“This changes everything” is a particularly bold marketing claim from California’s Apple, but we’re hearing that that was indeed the case when the first-gen iPhone appeared in 2007.
Google’s reaction, having snapped up work-in-progress Android in 2005, was to go back to ye olde drawing board.
The words are housed in a book called Dogfight by Fred Vogelstein, which details the smartphone wars circa iOS and Android.
The Atlantic has a lovely excerpt, including these words from former Google guy Chris DeSalvo: “As a consumer I was blown away [by the iPhone]. I wanted one immediately. But as a Google engineer, I thought ‘We’re going to have to start over.’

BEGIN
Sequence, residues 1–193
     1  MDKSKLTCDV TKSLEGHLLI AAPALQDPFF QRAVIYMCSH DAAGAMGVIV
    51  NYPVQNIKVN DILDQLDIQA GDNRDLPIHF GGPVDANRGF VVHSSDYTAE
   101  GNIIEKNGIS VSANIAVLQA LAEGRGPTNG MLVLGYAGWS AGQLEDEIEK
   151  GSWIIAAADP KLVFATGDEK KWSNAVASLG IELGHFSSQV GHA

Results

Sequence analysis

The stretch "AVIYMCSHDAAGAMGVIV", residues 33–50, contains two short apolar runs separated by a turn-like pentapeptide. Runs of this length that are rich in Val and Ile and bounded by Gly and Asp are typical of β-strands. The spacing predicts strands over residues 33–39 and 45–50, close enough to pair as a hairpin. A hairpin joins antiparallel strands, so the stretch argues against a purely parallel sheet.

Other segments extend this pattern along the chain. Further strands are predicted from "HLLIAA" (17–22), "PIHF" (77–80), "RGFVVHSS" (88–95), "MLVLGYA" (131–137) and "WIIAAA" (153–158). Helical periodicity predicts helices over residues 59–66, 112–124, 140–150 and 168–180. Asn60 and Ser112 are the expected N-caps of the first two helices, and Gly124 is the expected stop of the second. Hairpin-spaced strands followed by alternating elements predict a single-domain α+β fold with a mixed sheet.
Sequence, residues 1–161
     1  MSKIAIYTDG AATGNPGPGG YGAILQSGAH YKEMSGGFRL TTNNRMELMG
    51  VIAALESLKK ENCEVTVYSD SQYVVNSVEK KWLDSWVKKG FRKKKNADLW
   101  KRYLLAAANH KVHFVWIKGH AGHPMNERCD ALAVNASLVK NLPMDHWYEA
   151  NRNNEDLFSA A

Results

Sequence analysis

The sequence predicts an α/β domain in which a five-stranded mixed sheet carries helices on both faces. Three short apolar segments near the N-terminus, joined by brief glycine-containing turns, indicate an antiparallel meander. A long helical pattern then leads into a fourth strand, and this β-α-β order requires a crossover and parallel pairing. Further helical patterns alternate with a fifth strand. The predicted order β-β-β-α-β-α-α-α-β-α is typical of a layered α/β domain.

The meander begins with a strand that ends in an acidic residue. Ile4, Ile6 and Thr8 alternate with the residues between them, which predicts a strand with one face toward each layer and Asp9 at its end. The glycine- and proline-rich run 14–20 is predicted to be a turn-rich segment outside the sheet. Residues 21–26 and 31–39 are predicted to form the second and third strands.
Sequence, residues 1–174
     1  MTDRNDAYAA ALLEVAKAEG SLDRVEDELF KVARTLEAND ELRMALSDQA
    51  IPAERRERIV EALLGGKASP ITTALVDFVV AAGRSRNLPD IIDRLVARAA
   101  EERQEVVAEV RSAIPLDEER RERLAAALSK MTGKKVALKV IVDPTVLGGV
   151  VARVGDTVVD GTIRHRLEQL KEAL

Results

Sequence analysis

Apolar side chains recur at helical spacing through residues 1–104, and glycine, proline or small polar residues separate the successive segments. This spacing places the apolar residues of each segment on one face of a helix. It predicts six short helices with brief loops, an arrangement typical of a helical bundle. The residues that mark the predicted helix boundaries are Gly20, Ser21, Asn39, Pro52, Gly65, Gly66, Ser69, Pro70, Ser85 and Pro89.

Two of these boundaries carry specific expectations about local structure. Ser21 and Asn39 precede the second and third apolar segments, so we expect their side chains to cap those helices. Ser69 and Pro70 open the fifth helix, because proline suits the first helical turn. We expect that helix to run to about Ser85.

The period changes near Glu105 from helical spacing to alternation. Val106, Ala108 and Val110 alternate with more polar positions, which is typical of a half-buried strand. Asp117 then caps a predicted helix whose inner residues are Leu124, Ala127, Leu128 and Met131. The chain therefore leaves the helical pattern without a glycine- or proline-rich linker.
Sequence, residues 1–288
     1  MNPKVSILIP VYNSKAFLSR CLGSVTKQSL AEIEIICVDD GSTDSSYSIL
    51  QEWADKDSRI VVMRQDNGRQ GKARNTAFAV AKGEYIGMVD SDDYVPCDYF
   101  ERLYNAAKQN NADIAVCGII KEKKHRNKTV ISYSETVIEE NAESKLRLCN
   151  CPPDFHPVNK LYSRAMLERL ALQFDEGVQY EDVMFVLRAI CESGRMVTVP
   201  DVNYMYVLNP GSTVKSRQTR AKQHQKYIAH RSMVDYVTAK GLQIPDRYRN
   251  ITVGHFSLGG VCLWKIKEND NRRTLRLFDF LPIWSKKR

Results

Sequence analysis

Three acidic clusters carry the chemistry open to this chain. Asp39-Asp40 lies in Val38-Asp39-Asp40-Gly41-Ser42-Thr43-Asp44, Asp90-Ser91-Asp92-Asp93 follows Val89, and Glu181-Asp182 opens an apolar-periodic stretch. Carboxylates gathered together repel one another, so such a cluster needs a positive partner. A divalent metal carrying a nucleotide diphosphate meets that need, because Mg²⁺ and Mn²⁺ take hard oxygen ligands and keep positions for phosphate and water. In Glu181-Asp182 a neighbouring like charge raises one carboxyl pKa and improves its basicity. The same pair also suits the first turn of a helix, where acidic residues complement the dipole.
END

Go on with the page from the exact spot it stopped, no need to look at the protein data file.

“What we had suddenly looked just so . . . nineties,” admits Chris. “It’s just one of those things that are obvious when you see it.”
What Team Mountain View had at that point was Google Sooner, a keyboard-focused handset with a non-touch display. Imagine a terrible BlackBerry, and you’re in the right ballpark.
Andy Rubin’s reaction to the iPhone was similar, yelling: “Holy crap. I guess we’re not going to ship that phone.”
Of course, the first ever Android phone materialised in 2008 as the HTC Dream (aka T-Mobile G1), with a slide-out keyboard and full touchscreen.
And the rest, as they say, is history. Death to Nokia’s Symbian and BlackBerry; hello iPhone and Android.